Midland Metro passengers have been barred from travelling beyond the Priestfield stop - nearly two miles from the city's ring road - since the middle of June.
The section of line was closed so tracks could be replaced along the A41 Bilston Road, with the Midland Metro Alliance improving drainage and resurfacing the road at the same time.
It has been a major inconvenience for passengers who were offered a replacement bus service between The Crescent and Wolverhampton Bus Station.
And it has had very serious consequences for businesses along the busy road linking Bilston and the city centre.
That is because for the duration of the works the road was closed to traffic heading into the city.
Two firms - Smoke Busters and The Grafix Workshop - have paid the ultimate price and were forced to close.
Others, such as Coffee Express, have reported huge losses of up to 80 per cent.
Traders have been further angered after being refused compensation for loss of earnings. The Midland Metro Alliance said in September that UK legislation does not allow for compensation for ‘maintenance’ projects.
Instead they vowed to help with "marketing and promotion" and ran an advertising campaign on social media which reached "in excess of 22,000 local people."
There was further fury in October when it was revealed firms in Birmingham were given compensation while the line there was extended to Grand Central and the railway station. The extended line opened in June last year.
It was argued these works were classed differently under national legislation meaning compensation was due to affected businesses.
An action group set up to represent the interests of Bilston Road firms continues to fight for payouts.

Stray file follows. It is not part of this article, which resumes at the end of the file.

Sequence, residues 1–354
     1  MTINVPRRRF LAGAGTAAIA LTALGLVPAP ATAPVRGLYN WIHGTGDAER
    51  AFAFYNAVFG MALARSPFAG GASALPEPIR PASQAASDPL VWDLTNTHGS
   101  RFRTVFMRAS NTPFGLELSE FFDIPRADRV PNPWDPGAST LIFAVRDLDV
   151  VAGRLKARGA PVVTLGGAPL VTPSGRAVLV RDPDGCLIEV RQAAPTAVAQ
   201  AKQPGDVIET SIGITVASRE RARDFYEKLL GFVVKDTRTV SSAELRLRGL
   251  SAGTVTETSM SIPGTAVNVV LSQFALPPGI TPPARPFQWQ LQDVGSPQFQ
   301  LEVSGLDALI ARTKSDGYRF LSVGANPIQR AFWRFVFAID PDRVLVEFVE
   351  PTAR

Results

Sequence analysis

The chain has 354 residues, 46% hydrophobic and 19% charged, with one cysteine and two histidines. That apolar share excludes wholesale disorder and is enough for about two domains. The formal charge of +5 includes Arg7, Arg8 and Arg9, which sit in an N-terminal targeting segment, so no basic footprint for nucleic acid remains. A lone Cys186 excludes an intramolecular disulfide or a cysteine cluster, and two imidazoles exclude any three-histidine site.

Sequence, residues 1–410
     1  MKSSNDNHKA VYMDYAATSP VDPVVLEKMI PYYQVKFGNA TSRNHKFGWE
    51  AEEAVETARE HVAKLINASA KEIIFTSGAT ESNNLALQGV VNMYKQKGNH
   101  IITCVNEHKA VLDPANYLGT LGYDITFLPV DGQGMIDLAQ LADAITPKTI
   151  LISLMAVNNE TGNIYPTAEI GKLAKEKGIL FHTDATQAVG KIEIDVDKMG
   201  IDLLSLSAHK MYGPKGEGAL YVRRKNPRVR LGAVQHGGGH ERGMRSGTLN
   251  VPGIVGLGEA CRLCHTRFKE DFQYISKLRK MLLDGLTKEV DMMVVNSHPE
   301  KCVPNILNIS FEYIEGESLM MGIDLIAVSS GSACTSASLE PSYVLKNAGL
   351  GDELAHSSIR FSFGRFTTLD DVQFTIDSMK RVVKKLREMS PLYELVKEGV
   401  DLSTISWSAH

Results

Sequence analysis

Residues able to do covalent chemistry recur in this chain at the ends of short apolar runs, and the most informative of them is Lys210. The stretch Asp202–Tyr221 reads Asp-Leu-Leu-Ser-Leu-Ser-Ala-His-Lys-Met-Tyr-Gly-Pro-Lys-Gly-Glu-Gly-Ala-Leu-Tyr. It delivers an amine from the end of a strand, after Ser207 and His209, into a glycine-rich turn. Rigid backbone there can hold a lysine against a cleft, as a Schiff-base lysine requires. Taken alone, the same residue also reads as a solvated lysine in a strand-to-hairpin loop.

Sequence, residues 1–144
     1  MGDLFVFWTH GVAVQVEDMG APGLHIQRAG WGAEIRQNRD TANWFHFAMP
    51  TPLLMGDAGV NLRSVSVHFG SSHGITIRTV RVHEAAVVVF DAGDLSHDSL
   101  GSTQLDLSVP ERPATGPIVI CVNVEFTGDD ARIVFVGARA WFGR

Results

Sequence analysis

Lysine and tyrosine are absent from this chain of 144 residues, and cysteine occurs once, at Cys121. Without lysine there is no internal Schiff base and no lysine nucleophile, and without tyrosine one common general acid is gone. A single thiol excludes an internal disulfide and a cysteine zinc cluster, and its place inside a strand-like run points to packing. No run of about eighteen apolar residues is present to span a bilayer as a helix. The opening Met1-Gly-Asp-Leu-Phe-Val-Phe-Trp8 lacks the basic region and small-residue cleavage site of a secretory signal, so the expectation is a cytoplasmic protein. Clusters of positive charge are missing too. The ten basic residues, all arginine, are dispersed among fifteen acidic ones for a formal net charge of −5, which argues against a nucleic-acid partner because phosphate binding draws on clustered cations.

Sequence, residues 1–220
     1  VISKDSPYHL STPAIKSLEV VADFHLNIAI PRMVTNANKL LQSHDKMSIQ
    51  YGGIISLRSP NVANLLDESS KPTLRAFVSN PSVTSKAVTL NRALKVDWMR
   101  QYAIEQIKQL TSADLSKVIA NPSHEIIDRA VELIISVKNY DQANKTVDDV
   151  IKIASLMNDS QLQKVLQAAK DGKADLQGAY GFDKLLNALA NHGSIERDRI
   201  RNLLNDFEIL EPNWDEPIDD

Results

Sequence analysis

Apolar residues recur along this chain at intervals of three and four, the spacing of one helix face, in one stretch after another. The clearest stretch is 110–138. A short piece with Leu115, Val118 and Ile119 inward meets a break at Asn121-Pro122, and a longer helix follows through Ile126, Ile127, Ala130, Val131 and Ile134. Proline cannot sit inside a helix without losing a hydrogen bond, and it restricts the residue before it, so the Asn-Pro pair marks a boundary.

Passenger Sue Rock, aged 59, was delighted to be able to use the service into Wolverhampton once more yesterday afternoon.
She said: "I used to park in Bilston and then get the Metro into town. For the last six months I have gone to Birmingham instead to do my shopping as I don't want to drive into town. It is too busy and there is too much faff with parking, it is too much trouble.
"I am so glad it is back on. That is why have come and used it today."
Councillor Wendy Thompson, leader of the Conservative group on Wolverhampton council, said it was relief to have the road and the tram line reopened in time for Christmas.
She said: "Undoubtedly this is very good news. Bilston was far more isolated away from the city centre while this was going on.
"Coming up to Christmas it is really important for all the shops to be that much busier.
"Also for people getting to work it is so much better as this is one of the main arterial routes into and out of the city.
"It is really important everything is back to normal by Christmas."
The works along Bilston Road were completed two weeks ahead of schedule on December 2 and testing has been taking place on the line this week.
Passengers were due to be allowed back on trams from Sunday but that was also brought forward and services began yesterday morning.
There was a traffic lights failure at Ettingshall Road between 9am and 10am which prevented the service from entering Wolverhampton.
Phil Hewitt, Head of Metro Development for Transport for West Midlands said: “This means services have resumed into the heart of the city exactly in time for Christmas.
“These were essential maintenance works that had to be done and I would like to thank the Midland Metro Alliance and their contractors for their hard work in finishing ahead of schedule, and also the public for their patience during the works.”
Tom Stables, Managing Director of National Express West Midlands, which operates the tram, said: “I’m delighted that we can start running a full tram service again - and ahead of schedule.
“It’s great news for our customers travelling to and from Wolverhampton this Christmas time.
“The teams at the Midland Metro and the Midland Metro Alliance have worked very hard together to get the works and testing completed as soon as possible.”